Energy Secretary Rick Perry announced a plan Friday to reorganize the agency toward President Trump's "energy dominance" agenda, undoing the changes made under the Obama administration to focus on clean energy.
“This new structure will support American energy dominance, enhance our energy and national security, and improve outcomes in environmental management while ensuring DOE remains the leader in scientific innovation,” Perry said.
Under the new plan, the current office of Undersecretary for Science and Energy, which was established in 2013 by former Energy Secretary Ernest Moniz, will be split into two separate undersecretary positions, "so that there will once again be three under secretaries," the agency said.
Those three posts include: the under secretary of energy, the under secretary for science, and the under secretary for nuclear security and nuclear administration. The agency said restoring the posts "is consistent with DOE’s statutory mandate."
The Obama administration's consolidation of the posts was meant to end "siloing" and encourage more collaboration. The Office of the Undersecretary for Science and Energy was set up to advise the secretary on "clean energy technologies and science and energy research initiatives," according to the Energy Department website.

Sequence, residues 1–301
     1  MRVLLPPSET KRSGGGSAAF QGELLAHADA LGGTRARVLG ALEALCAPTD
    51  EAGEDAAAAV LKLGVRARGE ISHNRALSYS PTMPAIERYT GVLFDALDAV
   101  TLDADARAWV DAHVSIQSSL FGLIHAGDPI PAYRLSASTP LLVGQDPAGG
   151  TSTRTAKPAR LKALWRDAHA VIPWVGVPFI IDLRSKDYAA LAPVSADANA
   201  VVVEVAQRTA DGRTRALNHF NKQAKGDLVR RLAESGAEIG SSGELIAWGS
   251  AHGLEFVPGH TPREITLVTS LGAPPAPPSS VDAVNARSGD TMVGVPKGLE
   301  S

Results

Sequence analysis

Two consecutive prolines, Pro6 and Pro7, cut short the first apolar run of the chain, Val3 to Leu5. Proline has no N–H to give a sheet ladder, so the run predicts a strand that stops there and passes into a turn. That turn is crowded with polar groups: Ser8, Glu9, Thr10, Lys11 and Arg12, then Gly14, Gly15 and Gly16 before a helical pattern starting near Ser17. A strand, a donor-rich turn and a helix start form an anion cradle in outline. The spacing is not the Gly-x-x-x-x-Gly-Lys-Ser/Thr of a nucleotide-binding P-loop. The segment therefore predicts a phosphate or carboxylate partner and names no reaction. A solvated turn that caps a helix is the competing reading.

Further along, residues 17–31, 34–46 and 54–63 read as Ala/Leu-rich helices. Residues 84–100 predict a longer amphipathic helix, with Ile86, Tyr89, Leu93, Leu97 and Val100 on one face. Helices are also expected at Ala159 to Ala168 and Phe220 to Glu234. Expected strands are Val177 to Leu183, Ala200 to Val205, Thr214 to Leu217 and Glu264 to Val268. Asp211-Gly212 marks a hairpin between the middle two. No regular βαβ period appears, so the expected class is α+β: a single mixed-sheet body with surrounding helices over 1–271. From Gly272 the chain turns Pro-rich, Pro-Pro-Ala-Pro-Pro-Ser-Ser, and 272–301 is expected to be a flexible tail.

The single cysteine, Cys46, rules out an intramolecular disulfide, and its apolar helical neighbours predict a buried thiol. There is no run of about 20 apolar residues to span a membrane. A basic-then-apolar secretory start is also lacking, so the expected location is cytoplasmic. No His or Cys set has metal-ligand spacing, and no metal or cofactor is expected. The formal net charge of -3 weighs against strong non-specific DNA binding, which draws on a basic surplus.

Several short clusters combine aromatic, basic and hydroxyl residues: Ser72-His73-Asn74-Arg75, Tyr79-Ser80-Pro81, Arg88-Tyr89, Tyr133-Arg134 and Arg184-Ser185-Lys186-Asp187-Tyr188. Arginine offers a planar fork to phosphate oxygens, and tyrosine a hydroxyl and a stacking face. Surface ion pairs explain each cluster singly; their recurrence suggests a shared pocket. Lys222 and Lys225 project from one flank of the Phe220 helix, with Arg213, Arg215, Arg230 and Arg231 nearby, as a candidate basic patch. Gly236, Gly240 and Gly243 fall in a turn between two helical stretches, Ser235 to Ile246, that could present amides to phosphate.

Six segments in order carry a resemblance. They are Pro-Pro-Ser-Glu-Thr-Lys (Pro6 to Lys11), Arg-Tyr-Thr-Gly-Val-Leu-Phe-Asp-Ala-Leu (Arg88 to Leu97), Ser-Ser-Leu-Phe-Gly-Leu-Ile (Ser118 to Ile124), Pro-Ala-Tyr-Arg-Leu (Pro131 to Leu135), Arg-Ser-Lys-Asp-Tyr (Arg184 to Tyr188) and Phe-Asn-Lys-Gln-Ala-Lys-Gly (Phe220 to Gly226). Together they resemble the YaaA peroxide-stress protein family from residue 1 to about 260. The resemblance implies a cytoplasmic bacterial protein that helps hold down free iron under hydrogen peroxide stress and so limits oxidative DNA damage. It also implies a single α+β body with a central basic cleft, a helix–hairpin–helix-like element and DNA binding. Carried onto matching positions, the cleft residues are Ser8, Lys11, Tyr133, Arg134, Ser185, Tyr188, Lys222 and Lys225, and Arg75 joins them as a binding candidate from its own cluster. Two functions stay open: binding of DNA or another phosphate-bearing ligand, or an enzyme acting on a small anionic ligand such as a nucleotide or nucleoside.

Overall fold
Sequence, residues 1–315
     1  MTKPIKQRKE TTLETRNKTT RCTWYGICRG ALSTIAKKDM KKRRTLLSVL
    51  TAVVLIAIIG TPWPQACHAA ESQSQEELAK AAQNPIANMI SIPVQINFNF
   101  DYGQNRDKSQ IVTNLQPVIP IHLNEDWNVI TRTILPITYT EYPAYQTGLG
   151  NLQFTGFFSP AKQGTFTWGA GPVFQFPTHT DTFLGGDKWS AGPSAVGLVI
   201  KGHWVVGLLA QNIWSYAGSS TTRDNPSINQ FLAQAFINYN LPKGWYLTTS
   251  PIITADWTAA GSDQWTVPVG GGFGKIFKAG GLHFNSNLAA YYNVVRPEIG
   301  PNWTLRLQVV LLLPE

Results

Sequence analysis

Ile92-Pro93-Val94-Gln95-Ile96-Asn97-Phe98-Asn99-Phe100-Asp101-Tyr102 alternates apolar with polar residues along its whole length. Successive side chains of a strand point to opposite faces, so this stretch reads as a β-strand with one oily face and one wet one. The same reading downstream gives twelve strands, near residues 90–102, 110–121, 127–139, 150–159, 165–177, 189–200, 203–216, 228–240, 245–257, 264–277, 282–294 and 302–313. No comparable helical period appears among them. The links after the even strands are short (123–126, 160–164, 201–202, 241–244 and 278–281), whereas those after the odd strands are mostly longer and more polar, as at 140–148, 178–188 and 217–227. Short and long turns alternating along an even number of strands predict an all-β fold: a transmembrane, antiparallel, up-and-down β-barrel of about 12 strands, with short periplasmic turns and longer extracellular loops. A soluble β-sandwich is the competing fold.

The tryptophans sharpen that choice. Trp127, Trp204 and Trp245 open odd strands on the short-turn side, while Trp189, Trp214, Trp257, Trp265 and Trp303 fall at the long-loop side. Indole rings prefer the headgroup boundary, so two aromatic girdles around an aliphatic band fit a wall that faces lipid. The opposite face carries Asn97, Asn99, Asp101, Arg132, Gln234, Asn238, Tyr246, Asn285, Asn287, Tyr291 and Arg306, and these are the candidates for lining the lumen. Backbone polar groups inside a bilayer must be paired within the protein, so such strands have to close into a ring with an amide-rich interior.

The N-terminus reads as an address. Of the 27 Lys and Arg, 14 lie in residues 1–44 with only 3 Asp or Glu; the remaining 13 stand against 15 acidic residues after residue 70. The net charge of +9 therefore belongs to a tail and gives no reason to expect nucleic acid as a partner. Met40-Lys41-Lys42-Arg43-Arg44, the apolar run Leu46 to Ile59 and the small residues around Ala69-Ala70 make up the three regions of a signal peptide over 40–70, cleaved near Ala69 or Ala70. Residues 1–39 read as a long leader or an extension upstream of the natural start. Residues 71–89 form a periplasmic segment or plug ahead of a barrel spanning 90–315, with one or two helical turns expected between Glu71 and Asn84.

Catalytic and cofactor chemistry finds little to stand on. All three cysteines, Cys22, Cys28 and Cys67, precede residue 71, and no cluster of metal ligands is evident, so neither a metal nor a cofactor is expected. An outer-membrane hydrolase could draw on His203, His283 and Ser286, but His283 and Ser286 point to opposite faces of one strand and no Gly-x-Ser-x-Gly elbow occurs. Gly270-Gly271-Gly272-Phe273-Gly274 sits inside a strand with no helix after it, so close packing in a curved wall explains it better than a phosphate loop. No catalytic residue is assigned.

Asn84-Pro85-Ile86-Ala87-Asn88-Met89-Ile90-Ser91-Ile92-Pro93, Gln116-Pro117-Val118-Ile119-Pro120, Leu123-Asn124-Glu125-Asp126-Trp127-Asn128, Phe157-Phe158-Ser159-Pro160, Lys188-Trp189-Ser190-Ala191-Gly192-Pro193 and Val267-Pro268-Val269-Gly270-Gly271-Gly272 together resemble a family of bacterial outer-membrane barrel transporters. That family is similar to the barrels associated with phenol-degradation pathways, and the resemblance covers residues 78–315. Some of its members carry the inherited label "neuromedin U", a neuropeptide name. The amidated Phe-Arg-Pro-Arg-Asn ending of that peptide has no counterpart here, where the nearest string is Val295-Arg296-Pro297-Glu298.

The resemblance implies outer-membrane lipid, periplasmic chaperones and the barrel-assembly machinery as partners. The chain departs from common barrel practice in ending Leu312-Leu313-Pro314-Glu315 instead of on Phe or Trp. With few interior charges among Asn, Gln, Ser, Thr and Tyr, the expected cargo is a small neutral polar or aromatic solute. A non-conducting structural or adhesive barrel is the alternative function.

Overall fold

The newly established Office of the Undersecretary of Energy "will focus on energy policy, applied energy technologies, energy security and reliability, and certain DOE-wide management functions, while the Under Secretary for Science will focus on supporting innovation, basic scientific research, and environmental cleanup."
There is no mention of clean energy.
"In addition, elements of the current undersecretary for management and performance’s portfolio will fall under the responsibility of the deputy secretary of energy," according to the agency. "Another change to the agency’s organization will include replacing the Office of Energy Policy and Systems Analysis with an Office of Policy.
That office "will enhance DOE’s focus on early-stage scientific research and development and energy technology innovation," and improving its work to clean up nuclear weapons processing facilities and other areas contaminated by defense-related activities. One of the major roles of the Energy Department is overseeing the nation's nuclear weapons stockpile.